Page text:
Ontario's new bicycle facilities manual: a little bit closer but still far to go

The Ontario Traffic Council has produced a new Bicycle Facilities guide. It was produced with help from Vélo Québec, which has the experience of Québec's extensive cycling facilities, and Alta Planning and Design which has been at the forefront of a new generation of protected bicycle facilities in North America. It is a promising document, but it still falls short of high water mark that is Dutch bicycle facilities standards. This much we learn from David Hembrow of A view from the cycle path, who explained how even this updated Ontario standard falls short of Dutch expectations for their own facilities. It reveals that even though the concept of providing protected facilities that appeal to all ages and abilities is now here, it has yet to fully permeate planning.

The language of the document is slippery. Some of it sounds quite reasonable on an initial reading, but when you look closely it becomes obvious that the authors have rather low aspirations for cycling. There is an expectation that cyclists can share the roadway when both speeds and traffic volumes are at higher levels than we would experience. The authors think that it is only necessary to "consider" building an on-road cycle lane even speeds of up to 100 km/h. The language of the document betrays the lack of ambition for cycling.

From the graph streets like Richmond and Adelaide would "qualify" for protected bicycle facilities, but just barely because the traffic is quite high. This graph might exclude a lot of streets that in Europe they would consider excellent candidates for separated facilities. These decisions are mostly arbitrary so perhaps the traffic planners could err on the side of making streets more comfortable.

The manual is not particularly innovative but reflects the state of the art in North America, not surprising given the consultants come from across the continent. For those of us doing cycling advocacy in North America it's good to have an outside critique to help us keep an eye on a distant goal. We are mindful that we want to celebrate our wins, big and small, lest we come off as ungrateful, something with which Hembrow doesn't have to concern himself. By being the first Ontario document to explicitly allow for protected bicycle lanes this is a real step forward. But Hembrow's excellently placed skewer of North American traffic planners blind spots shows just how far we still have to go.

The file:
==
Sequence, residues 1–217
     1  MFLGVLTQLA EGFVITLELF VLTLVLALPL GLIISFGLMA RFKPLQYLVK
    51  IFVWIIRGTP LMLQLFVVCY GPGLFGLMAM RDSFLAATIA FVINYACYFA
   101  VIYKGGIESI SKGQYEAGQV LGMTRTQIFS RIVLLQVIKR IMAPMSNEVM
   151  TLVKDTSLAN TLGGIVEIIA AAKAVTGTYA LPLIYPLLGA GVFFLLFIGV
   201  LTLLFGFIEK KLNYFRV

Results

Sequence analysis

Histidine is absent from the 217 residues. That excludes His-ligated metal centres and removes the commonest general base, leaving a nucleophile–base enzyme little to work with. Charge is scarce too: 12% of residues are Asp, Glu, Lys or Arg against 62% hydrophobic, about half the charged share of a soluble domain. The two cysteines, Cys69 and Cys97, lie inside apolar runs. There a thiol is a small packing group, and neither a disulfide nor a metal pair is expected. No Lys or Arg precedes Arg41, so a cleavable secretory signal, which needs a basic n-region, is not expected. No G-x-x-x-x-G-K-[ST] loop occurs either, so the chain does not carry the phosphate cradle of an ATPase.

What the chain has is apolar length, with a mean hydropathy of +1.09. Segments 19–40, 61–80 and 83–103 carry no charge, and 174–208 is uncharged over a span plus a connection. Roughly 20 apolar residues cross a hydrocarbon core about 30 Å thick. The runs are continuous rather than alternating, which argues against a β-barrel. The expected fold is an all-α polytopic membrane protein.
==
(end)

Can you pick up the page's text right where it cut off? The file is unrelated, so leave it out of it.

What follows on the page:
Comments

That graph shows that trying to fit all the different roads we have in North America into a simple X-Y chart with bland averages on both axis doesn't work. Plus, are we supposed to double the daily traffic volumes for four-lane roads, etc.?

Richmond and Adelaide need dedicated bicycle space because, in rush hour, there's no place for bicycles to ride. The same is the case for just about every other downtown street that goes anywhere.

The result is that anyone who tries to commute downtown by bicycle has to thread between traffic. It does not matter if you're "hardcore", or an occasional Bixi rider. Some of the not-so-hardcore riders, who I would happily pass on some route such as Harbord, leave me in the dust downtown. Why? They are riding into gaps, such as beside a slowly moving bus, that I consider too unsafe to try. Yes, I like to go fast, but I also try to apply what I've learned in 35 years experience of riding in the city to understand my risks.

The alternative of vehicular cycling is a non-starter. This would mean standing still, right behind a car, and right ahead of another car, until basically rush hour clears.

On the other hand, Toronto has no facilities on suburban roads which would strongly qualify for the red zone (why red??). For example, The Queensway in Etobicoke sees close to 20,000 cars and 60-80 km/h traffic. Mind you, that's six lanes.

The watermarks are far too high here. Alta and Velo Quebec both know much better, so I assume there must have been another level of input that skewed this towards nonsense. Copenhagenize's similar graph make much more sense and demonstrates why riding a bike is notably safer in Copenhagen.

It's helpful to have the link/study, thanks, though absolutely it's less helpful, this being Ontcario and North Americar.

One quick note from a brief scan p. 22/36 - "A bicycle facility with greater separation may appear to be 'safer' but result in more conflicts at intersections and driveways, especially if the separations make the cyclists less visible to the motorist."

The alternative of vehicular cycling is a non-starter. This would mean standing still, right behind a car, and right ahead of another car, until basically rush hour clears.

A non-starter? On the contrary. The first rule of sharing the road is don't be a dick. If traffic is moving slower than walking pace then get off your bike and walk it; if it isn't, then be a mensch and follow the rules.

Right?

Walking my bike for fifteen minutes on a crowded downtown sidewalk with everyone else scurrying to make their GO train, and me in my falling-apart biking shoes, doesn't seem productive.

Sucking it up and sitting behind cars stuck behind other cars stuck at intersections blocked by other cars is ludicrous.

Maybe I'm a dick, but the alternative to trying to get past all this traffic is, for me, saying the hell with it and taking the streetcar. It doesn't move any quicker but at least I can read a book.